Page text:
Bob was supposed to have met us at the rally, but it took longer for him and Mil to pick up a dishwasher at Jen's parents' house in Bayonne and a dresser at B&J's apartment and deliver them to Mil and Oksana's place than he anticipated, so he didn't make it.
Here's Hal at the rally before the march:
And here's me:
After a bunch of people, mostly representatives of unions, spoke against the war at a rally, 45,000 of us marched from Union Square to Foley Square. Hal and I were near the front of the pack, and we found ourselves walking behind a banner that some people we didn't know were carrying. We joked about what it might say on the banner; I suggested it was probably marking NAMBLA's contingency. Not too far into the walk, we moved quickly around the banner and found that it in fact was pointing out that a million Iraqis have died since the U.S. invaded the country. That's of course an estimate because the Bushies don't believe in keeping records of the civilian deaths they've caused. Why keep evidence for The Hague? If only there were some chance these greedy, murderous thugs would be brought to justice some day. But I really don't ever see that happening. If the Democrats have taken impeachment off the table, they surely won't consider sending Bush, Cheney, Rumsfeld, Rice, Wolfowitz, Feith, Powell, and all of the other assholes to be tried for their war crimes.
Hal and I took the subway back to Union Square to grab some lunch at Whole Foods. (Before the rally, since we'd had time to kill, we'd walked around the Greenmarket and hit the comic book store for Hal and the wine shop for me.) Then we came to Brooklyn, I walked the woofers, and Hal played with my Wii. Everybody wants to play with my Wii. It's sleek and white and fun, fun, fun. Then we went over to Bob's. Bob had said he wanted to treat Hal and me to dinner to celebrate that we've been friends for 20 years. The three of us met in a debate class our first semester at Trenton State College in September 1987. Mercy.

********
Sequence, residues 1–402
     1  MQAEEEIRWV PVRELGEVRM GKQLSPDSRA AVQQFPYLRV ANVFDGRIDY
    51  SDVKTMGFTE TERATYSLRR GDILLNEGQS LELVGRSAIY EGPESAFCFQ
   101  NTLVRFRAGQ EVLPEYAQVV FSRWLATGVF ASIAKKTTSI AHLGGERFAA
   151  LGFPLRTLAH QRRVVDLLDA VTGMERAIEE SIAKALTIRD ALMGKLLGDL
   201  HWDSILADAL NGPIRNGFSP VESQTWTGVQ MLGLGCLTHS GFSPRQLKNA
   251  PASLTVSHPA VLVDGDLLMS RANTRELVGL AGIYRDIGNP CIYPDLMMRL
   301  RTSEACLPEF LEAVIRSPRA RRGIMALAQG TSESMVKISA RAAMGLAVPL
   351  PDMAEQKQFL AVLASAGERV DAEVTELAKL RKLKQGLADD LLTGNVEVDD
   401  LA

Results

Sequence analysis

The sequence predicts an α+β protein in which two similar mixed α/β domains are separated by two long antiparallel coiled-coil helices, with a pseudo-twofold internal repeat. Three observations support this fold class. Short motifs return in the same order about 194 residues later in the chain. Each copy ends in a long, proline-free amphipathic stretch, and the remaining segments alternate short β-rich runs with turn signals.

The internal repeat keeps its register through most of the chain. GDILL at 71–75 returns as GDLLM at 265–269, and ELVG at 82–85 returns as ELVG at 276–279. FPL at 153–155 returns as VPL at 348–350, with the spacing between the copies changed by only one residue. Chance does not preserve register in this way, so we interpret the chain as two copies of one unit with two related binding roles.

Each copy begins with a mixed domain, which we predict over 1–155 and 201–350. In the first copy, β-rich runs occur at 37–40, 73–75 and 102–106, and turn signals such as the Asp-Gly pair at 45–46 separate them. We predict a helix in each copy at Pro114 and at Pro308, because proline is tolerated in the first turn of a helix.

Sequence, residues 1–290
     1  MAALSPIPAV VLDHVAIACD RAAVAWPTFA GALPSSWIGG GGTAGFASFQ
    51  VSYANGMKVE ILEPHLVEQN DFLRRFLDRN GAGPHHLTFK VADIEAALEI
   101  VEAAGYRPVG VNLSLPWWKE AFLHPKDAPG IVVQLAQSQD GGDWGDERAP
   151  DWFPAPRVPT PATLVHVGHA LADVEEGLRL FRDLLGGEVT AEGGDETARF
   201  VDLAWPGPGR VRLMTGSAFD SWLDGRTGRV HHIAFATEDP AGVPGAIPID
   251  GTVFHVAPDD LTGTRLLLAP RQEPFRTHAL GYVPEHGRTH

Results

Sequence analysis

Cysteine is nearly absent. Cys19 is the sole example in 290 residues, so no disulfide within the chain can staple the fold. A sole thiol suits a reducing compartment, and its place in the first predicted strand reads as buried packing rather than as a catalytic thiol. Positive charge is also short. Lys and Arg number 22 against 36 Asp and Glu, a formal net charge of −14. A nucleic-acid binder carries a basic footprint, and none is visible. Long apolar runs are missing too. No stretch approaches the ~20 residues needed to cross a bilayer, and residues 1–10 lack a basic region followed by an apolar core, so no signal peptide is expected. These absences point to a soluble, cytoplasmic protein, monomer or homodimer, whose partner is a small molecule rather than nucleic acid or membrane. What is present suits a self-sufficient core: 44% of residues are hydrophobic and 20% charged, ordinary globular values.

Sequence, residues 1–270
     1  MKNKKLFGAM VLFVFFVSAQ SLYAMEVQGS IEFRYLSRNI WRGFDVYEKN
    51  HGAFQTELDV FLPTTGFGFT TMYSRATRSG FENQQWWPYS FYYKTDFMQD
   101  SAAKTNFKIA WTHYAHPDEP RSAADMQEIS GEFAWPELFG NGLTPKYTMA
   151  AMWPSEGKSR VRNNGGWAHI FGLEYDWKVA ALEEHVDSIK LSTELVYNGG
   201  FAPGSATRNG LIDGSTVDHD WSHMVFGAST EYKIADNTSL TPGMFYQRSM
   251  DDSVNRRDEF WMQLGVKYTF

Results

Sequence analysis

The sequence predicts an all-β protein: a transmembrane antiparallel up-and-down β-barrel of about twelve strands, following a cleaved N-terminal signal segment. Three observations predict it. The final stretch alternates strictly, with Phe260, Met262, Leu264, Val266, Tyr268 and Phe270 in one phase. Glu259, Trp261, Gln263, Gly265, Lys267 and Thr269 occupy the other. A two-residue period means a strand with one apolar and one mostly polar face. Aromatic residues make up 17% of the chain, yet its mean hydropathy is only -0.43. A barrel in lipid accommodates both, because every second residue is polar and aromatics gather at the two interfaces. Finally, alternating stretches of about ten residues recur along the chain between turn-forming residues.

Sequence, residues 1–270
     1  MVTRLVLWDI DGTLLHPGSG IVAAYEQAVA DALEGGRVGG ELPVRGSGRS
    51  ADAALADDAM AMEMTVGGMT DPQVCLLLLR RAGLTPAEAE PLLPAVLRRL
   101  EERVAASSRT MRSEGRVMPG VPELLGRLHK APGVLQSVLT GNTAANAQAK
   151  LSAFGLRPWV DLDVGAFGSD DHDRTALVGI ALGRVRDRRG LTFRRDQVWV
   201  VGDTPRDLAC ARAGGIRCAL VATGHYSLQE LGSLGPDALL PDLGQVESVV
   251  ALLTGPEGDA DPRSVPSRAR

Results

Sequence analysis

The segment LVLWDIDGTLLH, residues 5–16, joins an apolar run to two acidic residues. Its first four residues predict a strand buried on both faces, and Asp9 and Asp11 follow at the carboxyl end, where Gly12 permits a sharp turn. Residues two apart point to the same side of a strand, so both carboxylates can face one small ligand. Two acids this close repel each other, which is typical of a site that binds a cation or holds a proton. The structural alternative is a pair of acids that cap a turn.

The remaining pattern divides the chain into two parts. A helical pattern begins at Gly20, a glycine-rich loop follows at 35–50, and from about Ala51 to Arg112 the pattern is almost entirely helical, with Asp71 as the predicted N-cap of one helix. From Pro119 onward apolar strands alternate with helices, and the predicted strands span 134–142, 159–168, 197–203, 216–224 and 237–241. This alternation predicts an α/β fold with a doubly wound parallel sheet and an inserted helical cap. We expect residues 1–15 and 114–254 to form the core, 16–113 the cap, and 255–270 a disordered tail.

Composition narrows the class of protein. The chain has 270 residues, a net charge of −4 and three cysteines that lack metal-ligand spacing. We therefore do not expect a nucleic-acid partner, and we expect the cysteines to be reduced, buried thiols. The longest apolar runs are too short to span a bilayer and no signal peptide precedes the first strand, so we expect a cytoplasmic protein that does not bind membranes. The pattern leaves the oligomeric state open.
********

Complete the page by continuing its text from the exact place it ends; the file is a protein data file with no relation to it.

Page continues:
Jen took some photos of the three of us to mark the occasion, including some with the kids after Abbe said she wanted to get in the picture. I'd have posted a photo in which Bob was smiling, but there weren't any. Just like he did when I photographed him with his much-desired iPhone, Bob purposely didn't smile. Sigh. I'd also have posted a photo of me without red eyes, but there weren't any of those either even though Jen used red-eye reduction. I think I'd gotten so worked up during the protest that the fire in my eyes couldn't be extinguished. Or something like that.
Bob sent these pictures to our buddy Dan, who we've also known forever, though not quite 20 years. Actually, Hal may have known Dan for 20 years this year. He got entrenched at the student newspaper sooner than Bob or I did, and Dan, who's a year older than the rest of us, was already hanging out there when Hal arrived. Anyhow, Dan said that Hal and I have aged the best. I'm certainly not going to argue with that. :)
We had dinner at Sotto Voce because it offers the most deliciousness for the price. You just can't have a bad meal there. Not that I'm trying.
Hal picked up his bag at my place, and he went home to feed
his cat his ex-girlfriend's cat. Bob and I were hoping Hal would stay over, but he'd neglected to leave extra food out for the cat and he didn't want to make him wait until morning for his next meal.
The next day, Abbe, Bob, and I went to Lombardi's for lunch as part of A&B's regular pizza quests to try various pizzerias around the city. Lombardi's dates back to 1905 and is recognized as the first pizza restaurant in the U.S.
We split a large plain pie. It was delicious.
Here's a photo, taken on my iPhone, of Abbe and Bob, who looks sorta almost to be happy.
And here's me, seated next to the rack of chardonnay. We ate in the basement of the restaurant. It was a little dark but pleasant enough.
I'm going to have to take Dad to Lombardi's sometime. For dessert, we could go to Rice to Riches, which is on the way to Lombardi's from the F train stop. Dad loves Jean's rice pudding. (Without raisins, of course.) Could RTR's possibly stand up to Jean's homemade? It'd be fun to try and see. Dad would have to get the plain kind, for the sake of comparison. I'd almost certainly get some kind with chocolate in it. And then we could work some of it off by walking—and shopping—around SoHo. It sounds like the recipe for another great weekend in the city.
*I checked the paper of record's Web site, and I also didn't find any mention of the march.